Myopia is the most common eye condition worldwide and is associated with increased eye health complications. Recent research has resulted in myopia control treatments to reduce the risk of higher levels of short-sightedness.
What is myopia?
Myopia, also known as “short-sightedness” or “near-sightedness”, is the most common eye condition. It occurs when light focuses in front of the retina (the tissue at the back of the eye), causing blurry long-distance vision.
The prevalence of myopia is increasing at alarming rates around the world. It is predicted that by 2050 almost 50% of the world’s population will be myopic.
Myopia is an eye health issue every parent should be aware of. All levels of short-sightedness are associated with an increased risk of ocular health complications later in life, such as retinal detachment, myopic macular degeneration, glaucoma or cataracts. The higher degree of myopia, the higher the risk.
Myopia requires corrective lenses to achieve clear vision. However, solving myopia simply with standard glasses is no longer the case.
What causes myopia?
Myopia occurs when the eyeball grows too quickly. The condition can be particularly problematic for younger children as their eyes are growing at a faster rate. Myopia can continue throughout adulthood due to increased close work resulting in fatigued eye focusing muscles. Environmental factors and genetics are also a factor.
There are a number of risk-factors for developing myopia:
- Genetics: a child with one or two short-sighted parents can have a much higher risk of developing myopia.
- Ethnicity: children with Asian ethnicity have higher rates of myopia.
- Spending more time on close work such as reading, playing computer games, drawing and tablets.
- Lack of time spent outdoors.
- Incorrect glasses or having no glasses when they are needed can actually lead to an increase in myopia.
What can be done about it?
With traditional glasses and contact lenses, light is focused on the retina centrally to provide clear vision. However the peripheral (off-center) light rays focus behind the retina which stimulates the eye to grow longer, thus increasing myopia and requiring stronger glasses.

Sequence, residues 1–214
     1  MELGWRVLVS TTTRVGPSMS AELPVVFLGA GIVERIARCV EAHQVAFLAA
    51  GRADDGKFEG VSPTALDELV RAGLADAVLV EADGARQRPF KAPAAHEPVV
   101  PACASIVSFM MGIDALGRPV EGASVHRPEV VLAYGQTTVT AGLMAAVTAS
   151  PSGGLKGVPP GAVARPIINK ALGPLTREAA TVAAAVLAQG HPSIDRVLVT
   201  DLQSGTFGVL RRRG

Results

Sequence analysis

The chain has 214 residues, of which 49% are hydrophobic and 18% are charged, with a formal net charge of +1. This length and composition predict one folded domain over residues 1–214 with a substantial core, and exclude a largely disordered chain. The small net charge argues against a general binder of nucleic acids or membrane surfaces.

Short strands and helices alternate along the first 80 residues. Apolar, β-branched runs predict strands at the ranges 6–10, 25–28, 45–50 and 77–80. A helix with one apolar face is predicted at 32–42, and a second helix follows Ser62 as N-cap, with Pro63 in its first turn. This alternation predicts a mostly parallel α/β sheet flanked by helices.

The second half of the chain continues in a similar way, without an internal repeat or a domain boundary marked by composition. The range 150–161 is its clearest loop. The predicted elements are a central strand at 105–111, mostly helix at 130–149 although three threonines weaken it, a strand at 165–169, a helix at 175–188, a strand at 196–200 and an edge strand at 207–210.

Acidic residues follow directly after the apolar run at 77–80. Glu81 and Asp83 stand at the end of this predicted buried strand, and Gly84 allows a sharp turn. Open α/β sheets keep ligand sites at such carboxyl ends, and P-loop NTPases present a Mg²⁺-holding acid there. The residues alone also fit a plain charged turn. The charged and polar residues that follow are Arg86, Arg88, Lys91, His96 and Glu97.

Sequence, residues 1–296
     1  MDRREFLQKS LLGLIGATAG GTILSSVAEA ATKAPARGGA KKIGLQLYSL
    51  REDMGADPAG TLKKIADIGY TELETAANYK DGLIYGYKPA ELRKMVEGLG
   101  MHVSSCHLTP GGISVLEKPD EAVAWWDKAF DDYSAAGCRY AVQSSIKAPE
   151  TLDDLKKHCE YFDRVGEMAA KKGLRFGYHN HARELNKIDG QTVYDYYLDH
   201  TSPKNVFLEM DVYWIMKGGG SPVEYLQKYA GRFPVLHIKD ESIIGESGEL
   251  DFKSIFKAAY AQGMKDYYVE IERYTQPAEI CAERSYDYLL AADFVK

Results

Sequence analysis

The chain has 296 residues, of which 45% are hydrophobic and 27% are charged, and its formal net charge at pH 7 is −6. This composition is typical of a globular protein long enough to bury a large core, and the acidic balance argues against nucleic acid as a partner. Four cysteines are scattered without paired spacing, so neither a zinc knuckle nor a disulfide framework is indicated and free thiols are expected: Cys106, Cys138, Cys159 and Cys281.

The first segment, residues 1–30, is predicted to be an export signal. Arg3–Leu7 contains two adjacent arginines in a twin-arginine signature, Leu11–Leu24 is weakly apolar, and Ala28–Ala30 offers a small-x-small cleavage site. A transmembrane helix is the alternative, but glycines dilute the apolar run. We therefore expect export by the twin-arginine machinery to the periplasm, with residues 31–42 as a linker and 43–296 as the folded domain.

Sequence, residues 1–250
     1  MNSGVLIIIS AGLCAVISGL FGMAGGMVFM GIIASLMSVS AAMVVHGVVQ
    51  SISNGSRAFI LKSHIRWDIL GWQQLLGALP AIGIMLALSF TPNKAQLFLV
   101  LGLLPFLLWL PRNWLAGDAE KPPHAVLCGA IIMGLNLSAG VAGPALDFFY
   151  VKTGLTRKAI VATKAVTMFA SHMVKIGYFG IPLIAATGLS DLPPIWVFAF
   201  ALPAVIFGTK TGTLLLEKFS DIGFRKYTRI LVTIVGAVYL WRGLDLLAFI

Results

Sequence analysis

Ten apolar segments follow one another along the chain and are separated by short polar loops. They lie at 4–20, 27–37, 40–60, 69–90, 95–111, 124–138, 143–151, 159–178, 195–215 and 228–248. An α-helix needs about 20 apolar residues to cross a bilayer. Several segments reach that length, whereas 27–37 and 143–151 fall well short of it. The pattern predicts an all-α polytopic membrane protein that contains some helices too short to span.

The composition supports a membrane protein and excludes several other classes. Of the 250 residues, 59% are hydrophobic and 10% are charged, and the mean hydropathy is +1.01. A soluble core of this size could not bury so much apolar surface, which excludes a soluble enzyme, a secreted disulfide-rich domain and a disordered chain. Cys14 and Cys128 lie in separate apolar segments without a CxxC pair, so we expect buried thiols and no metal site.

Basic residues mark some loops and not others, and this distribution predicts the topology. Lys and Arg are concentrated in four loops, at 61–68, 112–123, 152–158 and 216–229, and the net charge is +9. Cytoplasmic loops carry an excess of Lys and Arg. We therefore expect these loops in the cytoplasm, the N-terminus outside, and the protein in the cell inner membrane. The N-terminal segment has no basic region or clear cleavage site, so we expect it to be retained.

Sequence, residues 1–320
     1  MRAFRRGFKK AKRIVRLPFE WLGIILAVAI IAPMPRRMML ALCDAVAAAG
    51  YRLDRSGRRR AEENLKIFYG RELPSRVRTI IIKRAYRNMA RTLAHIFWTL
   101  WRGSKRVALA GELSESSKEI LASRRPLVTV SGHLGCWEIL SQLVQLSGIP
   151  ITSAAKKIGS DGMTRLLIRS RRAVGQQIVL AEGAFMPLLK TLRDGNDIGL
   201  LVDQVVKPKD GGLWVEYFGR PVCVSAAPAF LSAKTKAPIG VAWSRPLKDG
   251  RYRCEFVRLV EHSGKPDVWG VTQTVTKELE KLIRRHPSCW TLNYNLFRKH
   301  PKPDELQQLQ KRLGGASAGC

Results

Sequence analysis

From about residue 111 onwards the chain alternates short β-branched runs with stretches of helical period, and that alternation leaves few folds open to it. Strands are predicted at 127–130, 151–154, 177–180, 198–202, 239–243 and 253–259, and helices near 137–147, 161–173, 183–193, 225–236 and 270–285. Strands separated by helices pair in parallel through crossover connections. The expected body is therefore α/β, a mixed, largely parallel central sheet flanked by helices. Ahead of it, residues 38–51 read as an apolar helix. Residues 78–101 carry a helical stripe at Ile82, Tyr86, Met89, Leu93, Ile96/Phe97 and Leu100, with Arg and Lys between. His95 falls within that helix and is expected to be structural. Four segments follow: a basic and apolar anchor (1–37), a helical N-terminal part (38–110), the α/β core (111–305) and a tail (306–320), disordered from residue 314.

Research has resulted in multiple methods of vision correction options specifically designed to slow myopia progression. It is important treatment is initiated as early as possible.
Methods of myopia control treatment
Specialty soft contact lenses and orthokeratology contact lenses are currently the most effective myopia control treatment. These specialty lenses provide clear central vision and defocus to the peripheral retina. This is thought to signal to the eye that it does not need to grow longer, thus slowing down the progression of myopia.
Recent evidence has shown that dual-focus (or multifocal) soft contact lenses can show up to a 50 per cent reduction in myopia progression rates and eye growth compared to standard soft contact lenses.
Orthokeratology or “Ortho-K” involves custom-designed rigid contact lenses that are worn overnight while sleeping in order to gently reshape the cornea. Please note that we do not currently offer this treatment at Barry & Sargent Optometrists.
Atropine eye drops
Low-dose atropine eye drops have been shown to successfully reduce myopia progression. This is a safe treatment and without noticeable side-effects. The exact mechanism is still being studied, but it is thought to target receptors at the back of the eye to stop the eye elongating. These eye drops can only be prescribed by therapeutically qualified optometrists and may be used in combination with other treatment modalities.
Specialty spectacle lenses
Specialty spectacle lenses are more effective at slowing myopia than regular spectacles. However current research shows they are not as effective as current myopia control contact lenses. These spectacle lenses may benefit children who show problems with eye teaming or focusing.
Spending more time outdoors in natural light may help to delay myopia onset or slow progression. Children should be encouraged to spend at least two hours per day in outdoor activity (with UV protection).
For more information visit: mykidsvision.org/en-us